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Bus drivers in Berlin support striking Volvo workers

The strike of the Volvo Trucks workers in Virginia is winning increasing international support. Here is an address of solidarity from Andy Niklaus, a bus driver with Berlin Public Transportation (BVG) and a member of the Transport Workers’ Action Committee for Safe Workplaces in Berlin.

Dear colleagues at the Dublin (Virginia) Volvo Trucks plant in New River Valley,

You are fully justified in rejecting the collective bargaining agreement presented by the management of global player Volvo and the Auto Workers Union (UAW).

Through the World Socialist Web Site, we at the Berlin Action Committee of Transport Workers for Safe Workplaces have been following your struggle, which has been simmering for months. You are absolutely right: enough is enough!

There must be no more cuts in wages or bonuses. On the contrary, wages must be raised substantially after years of austerity measures. No more destruction of your health! The planned ten-hour shifts are inhumane and must not be introduced under any circumstances. The company must cover the costs of maintaining and restoring your health. In addition, you are entitled to a good pension. No starvation pensions in old age, where social misery and illness would await you!

While the owners of the car companies hand out billions to their shareholders, and the union bosses pocket horrendous sums for their services against you, they want you to foot the bill.

Striking Volvo workers (Credit: Twitter/@DelegateTara)

Here in Berlin, and all over Germany, we have the same experience. Fifteen years ago, they cut the wages of us bus drivers by 16 percent, took away other benefits and drastically increased productivity. An entire generation of newly hired drivers—like in the US auto industry—is receiving significantly less pay. They are left with only 2,000 euro per month to live on, slogging six days, up to 56 hours a week.

This system has been extended to all transport companies in Germany and Europe. Everything was and is subordinated to profit, with the help of the unions and what once were workers’ parties.

The pandemic that has been raging for 16 months, worsened by governments with their “herd immunity” policies, has revealed one thing: The capitalist system no longer has a future to offer us workers. Millions of dead and sick, because nothing’s allowed to affect profits!

More workers have lost their lives or their health because of the coronavirus than have the capitalists. And the social impact of the pandemic will place immense further costs on the shoulders of the working class if the ruling class’ orgies of enrichment are not stopped soon.

The unions here, as in your country, have long ceased to serve the defense of our social interests. They have been transformed into a company police force that represents only the interests of the shareholders and management.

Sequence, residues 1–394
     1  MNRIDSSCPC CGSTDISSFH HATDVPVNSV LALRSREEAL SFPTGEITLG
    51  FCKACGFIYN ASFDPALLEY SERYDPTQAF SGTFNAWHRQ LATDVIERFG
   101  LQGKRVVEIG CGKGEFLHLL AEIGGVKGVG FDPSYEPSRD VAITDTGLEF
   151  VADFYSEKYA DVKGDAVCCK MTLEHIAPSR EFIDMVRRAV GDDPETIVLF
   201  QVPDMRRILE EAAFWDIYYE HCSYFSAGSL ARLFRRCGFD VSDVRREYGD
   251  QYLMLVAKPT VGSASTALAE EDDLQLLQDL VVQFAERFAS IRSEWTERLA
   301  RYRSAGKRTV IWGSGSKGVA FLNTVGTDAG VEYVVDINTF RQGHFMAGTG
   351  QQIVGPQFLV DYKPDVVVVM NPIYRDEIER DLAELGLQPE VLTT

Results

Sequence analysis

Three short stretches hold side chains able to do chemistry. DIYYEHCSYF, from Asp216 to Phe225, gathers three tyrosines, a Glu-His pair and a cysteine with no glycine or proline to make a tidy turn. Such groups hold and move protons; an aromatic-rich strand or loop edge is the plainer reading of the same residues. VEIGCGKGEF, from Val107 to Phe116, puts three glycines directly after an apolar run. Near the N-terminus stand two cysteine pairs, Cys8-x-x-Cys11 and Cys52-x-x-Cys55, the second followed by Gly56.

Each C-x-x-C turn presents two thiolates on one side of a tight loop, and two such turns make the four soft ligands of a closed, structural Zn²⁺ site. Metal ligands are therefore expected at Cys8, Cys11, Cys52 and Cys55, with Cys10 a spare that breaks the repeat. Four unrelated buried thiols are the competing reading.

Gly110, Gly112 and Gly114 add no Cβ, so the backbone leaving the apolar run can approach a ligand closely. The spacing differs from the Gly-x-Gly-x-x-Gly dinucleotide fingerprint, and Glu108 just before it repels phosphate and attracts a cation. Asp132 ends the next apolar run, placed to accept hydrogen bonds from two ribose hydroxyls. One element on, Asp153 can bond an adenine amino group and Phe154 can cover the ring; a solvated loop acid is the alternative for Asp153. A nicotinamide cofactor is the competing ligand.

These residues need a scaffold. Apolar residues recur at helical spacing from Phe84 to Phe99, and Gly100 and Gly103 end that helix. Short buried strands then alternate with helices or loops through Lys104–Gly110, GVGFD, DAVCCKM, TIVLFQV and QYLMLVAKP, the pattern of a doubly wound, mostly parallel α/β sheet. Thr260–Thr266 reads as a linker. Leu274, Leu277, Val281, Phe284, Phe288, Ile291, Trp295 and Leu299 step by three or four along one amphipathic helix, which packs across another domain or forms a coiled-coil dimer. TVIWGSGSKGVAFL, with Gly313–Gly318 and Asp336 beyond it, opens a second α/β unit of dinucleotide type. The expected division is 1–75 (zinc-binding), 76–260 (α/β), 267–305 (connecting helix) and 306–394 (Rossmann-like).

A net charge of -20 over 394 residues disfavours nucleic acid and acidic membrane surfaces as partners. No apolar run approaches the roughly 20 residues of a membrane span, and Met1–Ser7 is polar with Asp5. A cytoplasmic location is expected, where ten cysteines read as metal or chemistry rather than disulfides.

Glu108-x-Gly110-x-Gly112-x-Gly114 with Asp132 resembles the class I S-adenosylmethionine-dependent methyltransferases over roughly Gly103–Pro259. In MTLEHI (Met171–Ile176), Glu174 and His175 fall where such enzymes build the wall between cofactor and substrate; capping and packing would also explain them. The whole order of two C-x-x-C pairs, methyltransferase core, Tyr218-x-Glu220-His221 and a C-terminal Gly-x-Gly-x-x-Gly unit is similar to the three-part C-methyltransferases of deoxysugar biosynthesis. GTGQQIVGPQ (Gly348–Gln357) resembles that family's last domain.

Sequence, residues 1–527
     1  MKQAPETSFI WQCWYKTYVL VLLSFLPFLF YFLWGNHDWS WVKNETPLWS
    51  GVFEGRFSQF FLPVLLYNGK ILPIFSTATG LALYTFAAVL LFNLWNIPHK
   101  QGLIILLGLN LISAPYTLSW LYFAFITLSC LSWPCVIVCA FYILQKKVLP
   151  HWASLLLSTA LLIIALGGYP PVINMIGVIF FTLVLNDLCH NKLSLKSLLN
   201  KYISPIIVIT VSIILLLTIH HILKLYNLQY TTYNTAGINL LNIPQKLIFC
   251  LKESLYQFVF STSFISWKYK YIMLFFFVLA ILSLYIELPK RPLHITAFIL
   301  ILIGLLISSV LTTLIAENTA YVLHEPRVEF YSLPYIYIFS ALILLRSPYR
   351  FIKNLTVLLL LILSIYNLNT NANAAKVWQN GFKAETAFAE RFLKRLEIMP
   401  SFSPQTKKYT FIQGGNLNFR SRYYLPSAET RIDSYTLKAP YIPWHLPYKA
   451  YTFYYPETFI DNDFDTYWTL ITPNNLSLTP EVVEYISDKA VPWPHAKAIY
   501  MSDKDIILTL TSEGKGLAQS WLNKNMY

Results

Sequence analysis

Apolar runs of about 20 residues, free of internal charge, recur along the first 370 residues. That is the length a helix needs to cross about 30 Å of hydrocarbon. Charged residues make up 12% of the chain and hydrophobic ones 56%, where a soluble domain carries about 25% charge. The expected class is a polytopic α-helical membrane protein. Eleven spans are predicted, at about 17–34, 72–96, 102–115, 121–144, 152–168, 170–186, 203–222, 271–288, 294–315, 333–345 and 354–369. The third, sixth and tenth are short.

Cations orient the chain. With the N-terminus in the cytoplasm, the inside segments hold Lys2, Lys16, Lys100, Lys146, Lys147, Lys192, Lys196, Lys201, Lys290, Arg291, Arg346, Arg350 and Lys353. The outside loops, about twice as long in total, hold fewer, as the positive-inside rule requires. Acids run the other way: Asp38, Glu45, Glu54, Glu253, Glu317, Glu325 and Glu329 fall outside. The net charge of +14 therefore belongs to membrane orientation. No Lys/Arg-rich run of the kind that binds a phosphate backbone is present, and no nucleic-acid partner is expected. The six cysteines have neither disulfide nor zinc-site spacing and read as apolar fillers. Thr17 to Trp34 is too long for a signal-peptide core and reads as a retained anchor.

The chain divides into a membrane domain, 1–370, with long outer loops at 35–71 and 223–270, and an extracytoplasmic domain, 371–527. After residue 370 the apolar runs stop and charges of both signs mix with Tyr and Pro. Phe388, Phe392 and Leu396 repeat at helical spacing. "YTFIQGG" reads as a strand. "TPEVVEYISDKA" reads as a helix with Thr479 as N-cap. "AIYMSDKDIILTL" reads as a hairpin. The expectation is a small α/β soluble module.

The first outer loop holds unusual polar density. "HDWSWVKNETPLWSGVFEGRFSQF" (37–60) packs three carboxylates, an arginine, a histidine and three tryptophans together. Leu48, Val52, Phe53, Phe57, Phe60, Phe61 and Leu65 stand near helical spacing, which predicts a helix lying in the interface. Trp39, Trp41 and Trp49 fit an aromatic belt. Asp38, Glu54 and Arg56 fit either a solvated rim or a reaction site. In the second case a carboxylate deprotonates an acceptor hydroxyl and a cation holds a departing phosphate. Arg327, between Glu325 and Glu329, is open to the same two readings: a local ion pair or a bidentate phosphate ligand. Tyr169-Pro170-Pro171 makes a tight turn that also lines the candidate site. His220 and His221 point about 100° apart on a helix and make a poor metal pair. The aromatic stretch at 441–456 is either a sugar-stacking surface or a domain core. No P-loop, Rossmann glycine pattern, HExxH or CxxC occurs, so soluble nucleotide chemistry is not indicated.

Six weeks ago, we founded our action committee. Through it, we wanted to prevent the front doors of our buses from being used again, which, while unsafe from a social distancing standpoint, they are implementing in order to increase on-bus ticket sales. So far, with the help of our colleagues, we have been successful because we say that the drivers themselves have the right to decide about their health. Our self-confidence has grown. Even under the current conditions, there is a risk of contagion because aerosols can spread in the vehicle—just like on your factory floors. With the opening of the front entrance, it would be even more dangerous for us as drivers.

The union did not and does not help us. It sticks to its line that profits must continue—and with it the mass transit that takes workers to the factories and their children to their schools. It is “part of the risk of life to contract the coronavirus at work,” wrote the Verdi union here in Germany.

Our action committee will continue to politically educate our colleagues and mobilize workers independently of the unions, as now in the case of the dismissed London bus driver Dave O’Sullivan. Because he stood up for the lives of his colleagues and their families, he was fired with the help of the Unite union. Through the WSWS, we learned about it and are making it known around the world. Workers around the world only learned about your struggle and ours through the WSWS.

We will continue to expand this work. We will use the “International Workers Alliance of Action Committees,” initiated by the WSWS on May 1, 2021 to share experiences and coordinate our struggles worldwide.

Stay strong in your struggle. We are on your side!

Andy Niklaus

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